The former is clearly obvious through successive Government mismanagements Globally, resulting in "Shutdowns" and hefty hits to their respective Economies. The latter, however, has a wide spectrum of impacts which may or may not have an immediately obvious impact to the Global Economies.

The former, can clearly wipe out all life on earth, and therefore result in the latter being inconsequential.

-4 ( +0 / -4 )

That ship sailed a long time ago.

-1 ( +1 / -2 )

How did the Earth manage to survive all these years without politicians saving us from "global warmimg"? Please... Al Gore... save us... lol

-5 ( +0 / -5 )

It is a real hole in the knowledge of economists.

I'd call that an exaggeration. In the wake the bubble popping, Japanese employers cut workers' wages year after year for many years. Big companies, small companies, all companies. The workers got used to it. That's where the roots of the "deflationary mindset" lie.

Then you have globalization, aka "a race to the bottom" for mature economies. Then there's technology, bringing down the cost of information. Then there's the consumption tax hike, at a time when the 2% target was just coming into view.

Put it all together, and hello deflation!

0 ( +0 / -0 )

That ship sailed a long time ago.

And in the not so distant future when the Greenland ice cap melts that ship will be able to dock in Beijing. Look at some maps of where coastlines will lie when the seas rise 8-10 meters. It's going to happen and in our children's lifetimes. Shanghai and Tokyo are mostly submerged. Beijing will be a port city. So will Fresno. Florida mostly disappears. That is what the BoJ is referring to.

0 ( +1 / -1 )

How did the Earth manage to survive all these years without politicians saving us from "global warmimg"? Please... Al Gore... save us... lol

The laugh is on you. The Earth will still exist but it's surface is going to be very different as glaciers in places like Greenland melt and raise sea levels. It's happening now and is measurable so don't say it's a hoax. The melting of the ice on Greenland will raise ocean levels 8 - 10 meters. That submerges a lot of very big coastal cities, places like Jakarta, Singapore, Shanghai, Tokyo, Sacramento (some won't cry about that perhaps) most of Florida, ect. Places like Fresno, Palm Springs and Beijing become seaports. The economic dislocation is huge.

0 ( +1 / -1 )

Most major sources of emission has taken a massive dive due to covid, why is no one commenting on that?

On the other hand, at the last climate conference, all the 'stakeholders' want to talk about was the carbon credits certificates. The planet wasn't even on the agenda. ALL the talks was on carbon credits and how to trade, how to devalue old certificates (make them worthless) and how to buy expensive new ones to 'save the planet'.

Sigh...what a scam.

0 ( +1 / -1 )

On the other hand, at the last climate conference, all the 'stakeholders' want to talk about was the carbon credits certificates. The planet wasn't even on the agenda. ALL the talks was on carbon credits and how to trade, how to devalue old certificates (make them worthless) and how to buy expensive new ones to 'save the planet'.

Sigh...what a scam.

It's not a scam at all. When the idea was first developed circa 1980 it was called "pay to pollute". The idea originated with a pair of conservative but outdoorsy Reagan Administration lawyers, John B. Henry and C. Boyden Gray, who were vexed by the effects of pollution they saw while hiking in the Appalachians. At the time there were intense battles over what level of technology to force companies to use to clean up their smoke stacks, with arcane debates over Best Possible Technology vs Best Practical Technology, their costs and effectiveness. Being market oriented conservatives the two lawyers wanted a more market oriented approach that somehow priced pollution into the costs of production. The market failure that allows pollution to persist is that pollution is what us nerdy economists call a "negative externality". Pollution is a cost of production like labor and capital, but it is not priced into the product or service the production of which generates the pollution. The parties who pay that cost are those who are forced to suffer the deleterious effects of the pollution. Effectively those who suffer the effects of pollution subsidize the production of the polluting good or service. That is how it works in economic terms, it is just like a taxpayer subsidy. Since the price of pollution is not reflected in the price of good or service causing the pollution, that good or service is underpriced and thus more is sold that would be if the price of pollution was incorporated into the price of the product. The idea of selling pollution credits was to try to create a market price for pollution so the buyers of a product or service have to pay some of the cost of that pollution, or as economists would say, "internalize the cost", or even better companies would invest in research and new equipment to reduce that pollution and thus reduce their cost of production. In this manner firms would be motivated to reduce pollution if the price of pollution was incorporated into their product. Alternatively if it was less costly for them they could pay to clean up some other firms process to achieve equal pollution reduction required of them. Economists love stuff like this but back then environmentalist were aghast at the idea and opposed it strenuously. It took over 30 years for economists and some in business to bring environmentalists along with the idea. Now the very party from which the idea originated condemns it. Truth is often stranger than fiction and this is one such instance.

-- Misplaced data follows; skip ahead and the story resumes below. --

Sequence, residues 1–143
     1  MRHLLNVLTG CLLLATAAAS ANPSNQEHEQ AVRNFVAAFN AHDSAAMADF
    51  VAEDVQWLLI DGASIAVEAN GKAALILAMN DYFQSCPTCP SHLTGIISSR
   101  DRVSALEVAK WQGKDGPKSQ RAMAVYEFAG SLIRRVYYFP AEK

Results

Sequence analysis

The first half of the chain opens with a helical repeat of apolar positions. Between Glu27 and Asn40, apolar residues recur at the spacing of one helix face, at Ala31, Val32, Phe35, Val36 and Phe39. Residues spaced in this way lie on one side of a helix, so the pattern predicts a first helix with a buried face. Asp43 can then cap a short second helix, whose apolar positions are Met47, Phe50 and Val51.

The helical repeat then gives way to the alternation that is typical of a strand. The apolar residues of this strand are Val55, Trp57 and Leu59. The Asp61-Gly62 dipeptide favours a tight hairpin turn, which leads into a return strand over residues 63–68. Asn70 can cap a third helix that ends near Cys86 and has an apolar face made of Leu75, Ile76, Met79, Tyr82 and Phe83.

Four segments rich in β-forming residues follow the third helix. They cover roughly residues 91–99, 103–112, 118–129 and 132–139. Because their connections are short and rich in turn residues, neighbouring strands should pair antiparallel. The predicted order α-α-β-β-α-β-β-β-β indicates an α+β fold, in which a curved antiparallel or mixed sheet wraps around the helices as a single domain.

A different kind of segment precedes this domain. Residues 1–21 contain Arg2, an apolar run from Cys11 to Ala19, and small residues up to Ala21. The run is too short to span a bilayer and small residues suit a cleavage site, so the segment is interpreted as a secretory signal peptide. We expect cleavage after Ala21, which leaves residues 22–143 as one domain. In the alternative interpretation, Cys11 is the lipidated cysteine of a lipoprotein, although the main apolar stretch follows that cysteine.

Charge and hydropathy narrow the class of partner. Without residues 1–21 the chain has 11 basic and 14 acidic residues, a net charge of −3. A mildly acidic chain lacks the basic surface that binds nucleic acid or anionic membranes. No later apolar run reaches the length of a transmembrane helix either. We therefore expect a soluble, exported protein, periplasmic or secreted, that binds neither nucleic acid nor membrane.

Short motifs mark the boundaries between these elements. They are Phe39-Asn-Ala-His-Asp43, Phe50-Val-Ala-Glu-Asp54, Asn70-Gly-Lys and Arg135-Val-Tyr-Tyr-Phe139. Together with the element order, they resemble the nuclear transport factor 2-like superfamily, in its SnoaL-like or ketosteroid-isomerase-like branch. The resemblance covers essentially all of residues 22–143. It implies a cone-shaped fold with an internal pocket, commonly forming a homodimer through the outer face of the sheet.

0 ( +0 / -0 )